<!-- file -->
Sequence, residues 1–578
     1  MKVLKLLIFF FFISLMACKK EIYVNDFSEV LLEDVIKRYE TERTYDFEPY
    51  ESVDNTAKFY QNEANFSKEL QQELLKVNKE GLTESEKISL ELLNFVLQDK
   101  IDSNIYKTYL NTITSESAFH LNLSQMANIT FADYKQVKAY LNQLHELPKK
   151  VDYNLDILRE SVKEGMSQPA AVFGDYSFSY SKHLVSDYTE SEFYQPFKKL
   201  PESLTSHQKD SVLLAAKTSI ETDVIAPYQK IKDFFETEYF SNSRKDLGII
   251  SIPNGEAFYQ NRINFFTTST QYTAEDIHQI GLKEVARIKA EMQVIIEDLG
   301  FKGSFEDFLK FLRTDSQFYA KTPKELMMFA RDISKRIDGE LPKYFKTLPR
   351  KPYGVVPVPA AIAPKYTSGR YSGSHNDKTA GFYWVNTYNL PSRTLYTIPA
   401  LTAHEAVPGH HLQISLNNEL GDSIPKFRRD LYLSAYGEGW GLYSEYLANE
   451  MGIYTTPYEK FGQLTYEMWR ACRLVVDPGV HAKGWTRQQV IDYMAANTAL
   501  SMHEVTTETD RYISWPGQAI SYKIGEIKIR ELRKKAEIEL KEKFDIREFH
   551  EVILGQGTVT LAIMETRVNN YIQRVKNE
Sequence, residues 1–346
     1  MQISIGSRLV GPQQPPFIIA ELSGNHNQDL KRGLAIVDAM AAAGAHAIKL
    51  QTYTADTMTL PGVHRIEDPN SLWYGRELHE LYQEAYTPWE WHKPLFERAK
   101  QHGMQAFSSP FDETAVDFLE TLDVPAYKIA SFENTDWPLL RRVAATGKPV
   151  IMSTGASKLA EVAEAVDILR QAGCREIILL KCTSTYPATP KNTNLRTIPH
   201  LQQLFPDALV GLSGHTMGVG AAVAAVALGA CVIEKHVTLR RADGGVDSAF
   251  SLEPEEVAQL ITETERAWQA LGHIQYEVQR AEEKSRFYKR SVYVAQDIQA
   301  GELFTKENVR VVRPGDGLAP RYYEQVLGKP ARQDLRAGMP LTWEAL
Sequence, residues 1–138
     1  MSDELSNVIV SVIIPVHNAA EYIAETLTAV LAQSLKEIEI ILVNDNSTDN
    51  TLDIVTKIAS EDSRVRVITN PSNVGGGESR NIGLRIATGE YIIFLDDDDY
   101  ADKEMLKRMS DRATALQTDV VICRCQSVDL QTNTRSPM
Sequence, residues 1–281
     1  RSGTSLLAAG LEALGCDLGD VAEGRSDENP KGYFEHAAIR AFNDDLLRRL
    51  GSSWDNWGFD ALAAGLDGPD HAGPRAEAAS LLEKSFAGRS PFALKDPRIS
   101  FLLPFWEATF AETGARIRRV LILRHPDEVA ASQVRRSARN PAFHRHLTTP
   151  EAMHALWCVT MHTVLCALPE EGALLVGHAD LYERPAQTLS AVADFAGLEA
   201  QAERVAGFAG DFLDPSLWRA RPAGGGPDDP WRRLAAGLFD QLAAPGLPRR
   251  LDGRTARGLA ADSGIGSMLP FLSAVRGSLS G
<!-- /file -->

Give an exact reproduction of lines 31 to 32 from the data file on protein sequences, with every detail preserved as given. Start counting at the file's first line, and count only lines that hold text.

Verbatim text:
   201  QAERVAGFAG DFLDPSLWRA RPAGGGPDDP WRRLAAGLFD QLAAPGLPRR
   251  LDGRTARGLA ADSGIGSMLP FLSAVRGSLS G